Leopardi wrote poetry mostly in two forms: endecasillabi sciolti, which is the Italian equivalent of English blank verse; and canzone libera, which consists of irregular alternation of eleven-syllable and seven-syllable lines. Most translators avoid the rhyme scheme he used, which is much easier achieved in Italian than English. On the problems of translations, Leopardi wrote: "The perfection of a translation consists in this, that the author translated should not seem something Greek rendered into Italian, or something French into German, but should become, in Italian or German, precisely as the writer was, in Greek or French. That is what is difficult and not possible in every language."(34)

My interest in Giacomo Leopardi led to the discovery of a paucity of information about him and his work available in English. All of the translators included here have tried to honor Leopardi's idea of perfection. In reading them side by side with the Italian originals, however, most have left me dissatisfied. Each individual translation takes its own liberties with the original, and one is encouraged to seek out the Italian to get a fuller feeling for what Leopardi intended. Below I offer a sample of the variety to be found, including my own literal translation.

A se stesso
Or poserai per sempre,
Stanco mio cor. Perý l'inganno estremo
Ch'eterno io mi credi. Perý. Ben sento,
In noi di cari inganni,
Non che la speme, il desiderio Ŕ spento.
Posa per sempre. Assai
Palpitasti. Non val cosa nessuna
I moti tuoi, nÚ di sospiri Ŕ degna
La terra. Amaro e noia
La vita, altro mai nulla; e fango Ŕ il mondo.
T'acqueta omai. Dispera
L'ultima volta. Al genera nostro il fato
Non don˛ che il morire. Omai disprezza
Te, la natura, il brutto
Poter che, ascoso, a comun danno impera,
E l'infinita vanitÓ del tutto.

To Himself
Now you will rest for ever,
My tired heart. The extreme deceit perished,
That I believed eternal. It perished. I feel,
In we of beloved deceits,
Not that hope, desire is extinguished.
Rest for ever. Much
You have beaten. No value to anybody
The motions yours, neither of sighs is worthy
The earth. Bitter and trouble
The life, nothing other; mud is the world.
You lie quiet now. Despair
The last time. To our kind fate
Nothing donated but dying. Now despise
Yourself, nature, the ugly one
Able to, concealed, ordain common doom,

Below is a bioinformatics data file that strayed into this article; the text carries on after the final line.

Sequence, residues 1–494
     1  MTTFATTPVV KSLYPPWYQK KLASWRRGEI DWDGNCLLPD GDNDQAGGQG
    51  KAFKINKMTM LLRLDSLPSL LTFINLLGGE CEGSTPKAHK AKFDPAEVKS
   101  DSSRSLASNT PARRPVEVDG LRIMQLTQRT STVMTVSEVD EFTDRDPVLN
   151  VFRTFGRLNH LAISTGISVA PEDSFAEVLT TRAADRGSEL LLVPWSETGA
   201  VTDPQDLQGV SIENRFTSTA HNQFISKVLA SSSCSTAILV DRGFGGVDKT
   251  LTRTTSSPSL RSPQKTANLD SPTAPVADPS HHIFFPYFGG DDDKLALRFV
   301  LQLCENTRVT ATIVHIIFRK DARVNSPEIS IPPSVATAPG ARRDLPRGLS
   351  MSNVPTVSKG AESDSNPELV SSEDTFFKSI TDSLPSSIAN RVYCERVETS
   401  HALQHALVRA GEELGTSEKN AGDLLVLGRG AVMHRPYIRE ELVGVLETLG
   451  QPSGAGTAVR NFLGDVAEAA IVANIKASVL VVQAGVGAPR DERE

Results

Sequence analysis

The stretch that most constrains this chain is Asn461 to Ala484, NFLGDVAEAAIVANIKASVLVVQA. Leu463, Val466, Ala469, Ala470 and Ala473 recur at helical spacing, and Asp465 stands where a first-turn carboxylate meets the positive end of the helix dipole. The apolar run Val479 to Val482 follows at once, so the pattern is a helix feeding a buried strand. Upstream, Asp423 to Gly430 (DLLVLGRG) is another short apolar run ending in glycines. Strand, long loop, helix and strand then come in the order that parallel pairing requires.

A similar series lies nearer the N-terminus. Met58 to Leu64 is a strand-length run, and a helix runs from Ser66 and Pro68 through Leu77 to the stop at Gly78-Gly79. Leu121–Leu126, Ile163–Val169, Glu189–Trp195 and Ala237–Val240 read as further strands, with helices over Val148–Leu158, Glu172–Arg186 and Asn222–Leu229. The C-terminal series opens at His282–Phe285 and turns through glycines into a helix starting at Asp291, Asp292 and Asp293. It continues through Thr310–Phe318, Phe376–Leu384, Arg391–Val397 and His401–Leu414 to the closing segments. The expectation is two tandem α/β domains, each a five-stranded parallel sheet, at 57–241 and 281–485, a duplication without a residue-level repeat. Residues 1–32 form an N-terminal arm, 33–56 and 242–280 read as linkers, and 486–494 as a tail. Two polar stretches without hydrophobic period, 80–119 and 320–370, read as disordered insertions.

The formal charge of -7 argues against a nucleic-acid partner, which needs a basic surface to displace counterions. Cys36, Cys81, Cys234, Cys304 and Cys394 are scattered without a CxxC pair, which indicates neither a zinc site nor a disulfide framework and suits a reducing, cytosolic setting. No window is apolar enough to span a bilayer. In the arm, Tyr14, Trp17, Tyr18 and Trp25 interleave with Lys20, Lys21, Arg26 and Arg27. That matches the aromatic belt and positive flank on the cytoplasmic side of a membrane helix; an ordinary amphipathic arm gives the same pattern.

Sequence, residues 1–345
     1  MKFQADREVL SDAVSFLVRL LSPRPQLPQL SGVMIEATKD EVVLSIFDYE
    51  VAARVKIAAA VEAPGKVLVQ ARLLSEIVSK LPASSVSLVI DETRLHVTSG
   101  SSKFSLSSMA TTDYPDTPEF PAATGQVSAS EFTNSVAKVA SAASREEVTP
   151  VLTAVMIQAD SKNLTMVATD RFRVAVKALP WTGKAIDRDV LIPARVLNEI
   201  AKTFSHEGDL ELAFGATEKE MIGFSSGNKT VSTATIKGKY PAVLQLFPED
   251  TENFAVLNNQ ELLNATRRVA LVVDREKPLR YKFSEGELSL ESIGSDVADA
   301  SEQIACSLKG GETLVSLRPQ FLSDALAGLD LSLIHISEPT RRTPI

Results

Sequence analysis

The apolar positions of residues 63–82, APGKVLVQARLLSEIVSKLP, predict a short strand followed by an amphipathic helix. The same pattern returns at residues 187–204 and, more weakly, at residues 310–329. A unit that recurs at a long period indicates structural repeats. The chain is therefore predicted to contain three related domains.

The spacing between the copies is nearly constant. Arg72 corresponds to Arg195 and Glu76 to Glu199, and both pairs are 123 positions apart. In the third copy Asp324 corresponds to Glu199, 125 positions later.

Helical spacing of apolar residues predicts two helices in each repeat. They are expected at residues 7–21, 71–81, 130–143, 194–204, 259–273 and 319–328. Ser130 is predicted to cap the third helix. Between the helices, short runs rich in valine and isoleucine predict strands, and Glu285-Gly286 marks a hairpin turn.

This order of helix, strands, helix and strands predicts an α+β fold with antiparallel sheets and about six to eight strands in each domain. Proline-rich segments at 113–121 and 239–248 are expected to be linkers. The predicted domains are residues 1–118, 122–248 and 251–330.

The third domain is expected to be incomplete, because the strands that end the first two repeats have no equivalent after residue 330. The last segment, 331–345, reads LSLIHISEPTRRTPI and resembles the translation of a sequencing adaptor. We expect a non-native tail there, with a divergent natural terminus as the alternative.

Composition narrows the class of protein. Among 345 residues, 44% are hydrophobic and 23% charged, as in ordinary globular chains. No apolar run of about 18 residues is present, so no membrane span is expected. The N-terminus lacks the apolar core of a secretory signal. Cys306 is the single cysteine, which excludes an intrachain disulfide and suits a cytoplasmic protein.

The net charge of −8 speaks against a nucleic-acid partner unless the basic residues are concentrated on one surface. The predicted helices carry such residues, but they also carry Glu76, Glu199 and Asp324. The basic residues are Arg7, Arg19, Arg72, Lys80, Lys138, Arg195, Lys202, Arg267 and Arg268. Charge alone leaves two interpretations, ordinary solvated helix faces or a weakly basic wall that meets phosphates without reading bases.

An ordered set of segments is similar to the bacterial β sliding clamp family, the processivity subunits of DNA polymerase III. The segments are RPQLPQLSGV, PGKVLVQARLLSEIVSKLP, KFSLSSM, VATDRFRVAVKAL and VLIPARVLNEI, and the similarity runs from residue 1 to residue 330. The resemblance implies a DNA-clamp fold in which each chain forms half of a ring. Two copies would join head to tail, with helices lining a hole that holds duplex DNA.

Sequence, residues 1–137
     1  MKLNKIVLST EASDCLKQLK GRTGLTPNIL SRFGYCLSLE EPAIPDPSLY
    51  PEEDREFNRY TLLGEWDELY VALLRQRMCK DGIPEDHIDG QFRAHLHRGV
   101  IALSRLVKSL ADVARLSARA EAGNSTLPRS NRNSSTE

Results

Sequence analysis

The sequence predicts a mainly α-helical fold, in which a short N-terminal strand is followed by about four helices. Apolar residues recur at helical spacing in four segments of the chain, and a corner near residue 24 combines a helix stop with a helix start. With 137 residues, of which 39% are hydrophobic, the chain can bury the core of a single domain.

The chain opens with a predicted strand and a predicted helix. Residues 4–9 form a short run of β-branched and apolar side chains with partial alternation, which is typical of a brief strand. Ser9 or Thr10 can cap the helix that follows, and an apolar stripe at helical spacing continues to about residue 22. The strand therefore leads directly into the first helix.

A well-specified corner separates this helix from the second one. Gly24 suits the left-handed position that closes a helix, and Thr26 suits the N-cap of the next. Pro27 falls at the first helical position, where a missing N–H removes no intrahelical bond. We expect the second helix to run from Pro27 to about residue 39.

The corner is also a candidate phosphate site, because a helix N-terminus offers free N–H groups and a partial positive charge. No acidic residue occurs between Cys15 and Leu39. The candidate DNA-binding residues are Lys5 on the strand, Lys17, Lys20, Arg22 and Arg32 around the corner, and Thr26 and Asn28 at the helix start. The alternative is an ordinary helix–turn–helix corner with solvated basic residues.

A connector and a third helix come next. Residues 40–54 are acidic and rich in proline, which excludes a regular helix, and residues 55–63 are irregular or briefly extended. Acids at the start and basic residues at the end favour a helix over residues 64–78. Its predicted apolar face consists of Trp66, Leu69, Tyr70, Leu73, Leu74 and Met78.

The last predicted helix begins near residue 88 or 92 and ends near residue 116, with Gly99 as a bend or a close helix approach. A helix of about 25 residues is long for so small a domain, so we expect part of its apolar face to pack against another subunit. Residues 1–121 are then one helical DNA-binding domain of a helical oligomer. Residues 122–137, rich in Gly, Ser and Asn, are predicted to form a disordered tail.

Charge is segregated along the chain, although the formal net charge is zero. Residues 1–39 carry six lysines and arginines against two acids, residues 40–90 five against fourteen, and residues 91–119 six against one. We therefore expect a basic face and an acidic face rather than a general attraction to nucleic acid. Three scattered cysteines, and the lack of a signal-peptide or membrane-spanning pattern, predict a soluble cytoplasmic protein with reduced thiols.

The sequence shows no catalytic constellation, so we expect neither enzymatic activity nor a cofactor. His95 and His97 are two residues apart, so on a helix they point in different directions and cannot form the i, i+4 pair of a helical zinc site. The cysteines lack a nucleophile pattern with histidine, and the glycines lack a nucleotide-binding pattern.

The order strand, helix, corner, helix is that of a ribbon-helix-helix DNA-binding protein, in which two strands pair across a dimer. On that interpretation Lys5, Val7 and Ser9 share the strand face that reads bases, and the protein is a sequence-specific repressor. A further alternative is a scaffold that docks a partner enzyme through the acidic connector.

And the infinite vanity of all.(35)

Now rest, tired heart,
Forever rest. The last deceit is dead
I thought would always last.
Gone even are the hope and the desire
For darling cheats. Forever rest.
For far too long you beat,
Your labor valueless. The world's
Not worth a sigh,
And life is tedium and grief and bitterness.
The Earth is mire.
Rest quiet now, despair just this last time.
Fate grants to those like us one thing:
To die. And now you may despise
Yourself, Nature--that brutish, hidden power
That ordains a common doom--
and the infinite futility of all.(36)

Now, and for ever, you may rest,
My haggard heart. Dead is that last deception.
I had thought love would be enduring. It is dead.
I know that my hoping, and even
My wishing to be so dearly deceived, have fled.
Rest, and for ever. The strife
Has throbbed through you, has throbbed. Nothing is worth
One tremor or one beat; the very earth
Deserves no sign. Life
Has shrunk to dregs and rancor; the world is unclean.
Calm, calm. For this
Is the last despair. What gifts has fate brought man
But dying? Now, vanquish in your disdain
Nature and the ugly force
That furtively shapes human ill, and the whole
Infinite futility of the universe.(37)

Now be forever still,
Weary my heart. For the last cheat is dead,
I thought eternal. Dead. For us, I know
Not only the dear hope
Of being deluded gone, but the desire.
Rest still forever. You
Have beaten long enough. And to no purpose
Were all your stirrings; earth not worth your sighs.
Boredom and bitterness
Is life; and the rest, nothing; the world is dirt.
Lie quiet now. Despair
For the last time. Fate granted to our kind
Only to die. And now you may despise
Yourself, nature, the brute
Power which, hidden, ordains the common doom,
And all the immeasurable emptiness of things.(38)

Now you may rest forever,
My tired heart. The last illusion is dead
That I believed eternal. Dead. I can
So clearly see-not only hope is gone
But the desire to be deceived as well.
Rest, rest forever.
You have beaten long enough. Nothing is worth
Your smallest motion, nor the earth your sighs.
This life is bitterness
And vacuum, nothing else. The world is mud.
From now on calm yourself.